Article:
Changi Airport's de-installed flip board to be part of the National Collection

Travellers walking past one of Changi Airport Terminal 2's analogue flight information display flip board, minutes before its decommissioning at 11.30pm, on Feb 6, 2020.
Travellers walking past one of Changi Airport Terminal 2's analogue flight information display flip board, minutes before its decommissioning at 11.30pm, on Feb 6, 2020. ST PHOTO: LIM YAOHUI
A close-up look at the analogue flight information display flip board before its first capsules were removed.
A close-up look at the analogue flight information display flip board before its first capsules were removed.ST PHOTO: LIM YAOHUI
Contractors transporting one of the pieces of the analogue flight information display flip board's holding structure for loading onto a truck, at Changi Airport Terminal 2 after midnight on Feb 27, 2020.
Contractors transporting one of the pieces of the analogue flight information display flip board's holding structure for loading onto a truck, at Changi Airport Terminal 2 after midnight on Feb 27, 2020.ST PHOTO: LIM YAOHUI
Capsules from the analogue boards displaying individual letters, the time, airlines, flight information, and numbers on display inside the storage facility at Global Specialised Services Warehouse on Feb 26, 2020.
Capsules from the analogue boards displaying individual letters, the time, airlines, flight information, and numbers on display inside the storage facility at Global Specialised Services Warehouse on Feb 26, 2020.ST PHOTO: LIM YAOHUI
Mr Leon Sim Rong Wei, assistant conservator (objects) from the Heritage Conservation Centre, cleaning the capsules using a brush and vacuum cleaner at Global Specialised Services Warehouse on Feb 26, 2020.
Mr Leon Sim Rong Wei, assistant conservator (objects) from the Heritage Conservation Centre, cleaning the capsules using a brush and vacuum cleaner at Global Specialised Services Warehouse on Feb 26, 2020.ST PHOTO: LIM YAOHUI
A capsule showing accumulated dust (left) and a cleaned capsule.
A capsule showing accumulated dust (left) and a cleaned capsule. ST PHOTO: LIM YAOHUI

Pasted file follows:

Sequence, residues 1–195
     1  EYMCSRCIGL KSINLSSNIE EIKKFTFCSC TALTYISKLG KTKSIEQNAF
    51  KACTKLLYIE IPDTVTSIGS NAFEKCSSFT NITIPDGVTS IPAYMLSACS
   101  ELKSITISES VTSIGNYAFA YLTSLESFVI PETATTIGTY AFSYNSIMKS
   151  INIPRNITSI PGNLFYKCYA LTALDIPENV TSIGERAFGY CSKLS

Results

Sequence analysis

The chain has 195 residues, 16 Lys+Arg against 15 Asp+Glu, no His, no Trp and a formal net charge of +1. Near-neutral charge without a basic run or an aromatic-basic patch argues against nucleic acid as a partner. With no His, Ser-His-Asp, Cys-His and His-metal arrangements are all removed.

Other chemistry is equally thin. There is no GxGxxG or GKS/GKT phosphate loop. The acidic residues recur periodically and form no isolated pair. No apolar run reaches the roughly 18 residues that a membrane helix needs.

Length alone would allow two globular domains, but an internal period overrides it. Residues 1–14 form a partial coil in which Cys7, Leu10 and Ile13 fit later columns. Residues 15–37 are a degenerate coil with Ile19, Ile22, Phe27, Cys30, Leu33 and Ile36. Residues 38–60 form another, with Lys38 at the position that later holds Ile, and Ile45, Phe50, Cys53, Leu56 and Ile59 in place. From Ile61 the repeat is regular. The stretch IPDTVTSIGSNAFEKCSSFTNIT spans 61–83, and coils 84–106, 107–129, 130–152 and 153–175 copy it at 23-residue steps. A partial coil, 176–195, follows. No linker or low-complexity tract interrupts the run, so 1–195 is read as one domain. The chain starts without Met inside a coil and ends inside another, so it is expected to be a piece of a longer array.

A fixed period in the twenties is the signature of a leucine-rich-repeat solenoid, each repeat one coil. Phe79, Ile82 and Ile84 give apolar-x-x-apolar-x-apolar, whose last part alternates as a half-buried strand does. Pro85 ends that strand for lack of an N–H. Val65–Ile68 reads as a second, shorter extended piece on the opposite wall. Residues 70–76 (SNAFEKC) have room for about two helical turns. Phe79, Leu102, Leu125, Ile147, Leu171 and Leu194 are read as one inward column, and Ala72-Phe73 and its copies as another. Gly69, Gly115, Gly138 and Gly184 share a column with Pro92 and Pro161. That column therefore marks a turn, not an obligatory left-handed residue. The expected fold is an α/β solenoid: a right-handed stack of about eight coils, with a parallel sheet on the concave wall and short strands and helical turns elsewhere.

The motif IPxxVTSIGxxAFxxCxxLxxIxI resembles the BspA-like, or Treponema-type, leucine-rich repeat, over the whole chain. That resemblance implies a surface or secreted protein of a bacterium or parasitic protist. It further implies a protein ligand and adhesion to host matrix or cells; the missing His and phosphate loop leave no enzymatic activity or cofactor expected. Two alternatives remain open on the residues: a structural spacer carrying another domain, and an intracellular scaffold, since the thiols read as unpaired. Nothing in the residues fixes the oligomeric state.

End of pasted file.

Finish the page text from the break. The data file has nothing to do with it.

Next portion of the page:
The "Departures" sign panel sitting inside the storage facility at Global Specialised Services Warehouse on Feb 26, 2020.
The "Departures" sign panel sitting inside the storage facility at Global Specialised Services Warehouse on Feb 26, 2020.ST PHOTO: LIM YAOHUI

SINGAPORE - Dust and who knows what else has been accumulating for over 21 years but that didn't deter Ms Birte Koehler and her brush and handheld vacuum cleaner.

Ms Koehler, the senior object conservator at the Heritage Conservation Centre (HCC), was among three experts tasked with cleaning one of the two flight information display flip boards that used to tower over departing passengers at Changi Airport's Terminal 2 (T2).

The boards have had their day. The transition from analogue to electronic was inevitable, given the challenges of maintenance and increasing difficulties in procuring replacement parts.

Even the company that manufactured T2's boards in 1999 has ceased production of their components.

Electronic displays can show far more flight detail than the archaic analogue boards in T2 could, and they take less time and manpower to maintain.

Each analogue board comprises more than 2,000 capsules of individual letters and numbers, towering at 4.5m in height and 15m long.

Their usual role of presenting flight details deviated in 2016 when the flip boards celebrated Joseph Schooling's Olympic victory by displaying his winning time.

If it is of any comfort to travellers, Mr Ang Siew Min, senior vice-president of development operations at Changi Airport Group, said there are plans to "re-use the last remaining flip board, to be retired in about two years' time, in a different part of the airport as a display piece to be enjoyed by all who visit".

About 20 people were involved in de-installing the flip board over the past two weeks.

The pieces are undergoing cleaning and packaging at the Global Specialised Services Warehouse. They will then be transferred to the HCC, which is a part of the National Heritage Board, to join Singapore's National Collection.

Mr Alvin Tan, the National Heritage Board's deputy chief executive for policy and community, said: "We believe that (the board) is an important piece of airport infrastructure and a formative feature of the air travel experience.

 
 

"Many Singaporeans will remember standing underneath the boards, listening to the clickety-clack sounds of the split flaps and waiting for their flight information to be displayed."

On the challenges faced by the conservators, Mr Tan said the process is quite time-consuming, as there are more than 2,000 components to be cleaned.

"We also have to take a lot of care, because some of the components are quite fragile and replacement parts might not be easily found."

A single module takes two to five minutes to be thoroughly cleaned.

Ms Koehler said the repetitive process of cleaning the modules in a similar fashion over an extended period allows her to get into a quiet rhythm: "It becomes a meditative process; you tune in with the pieces that you are working on."

The entire process is estimated to take six months.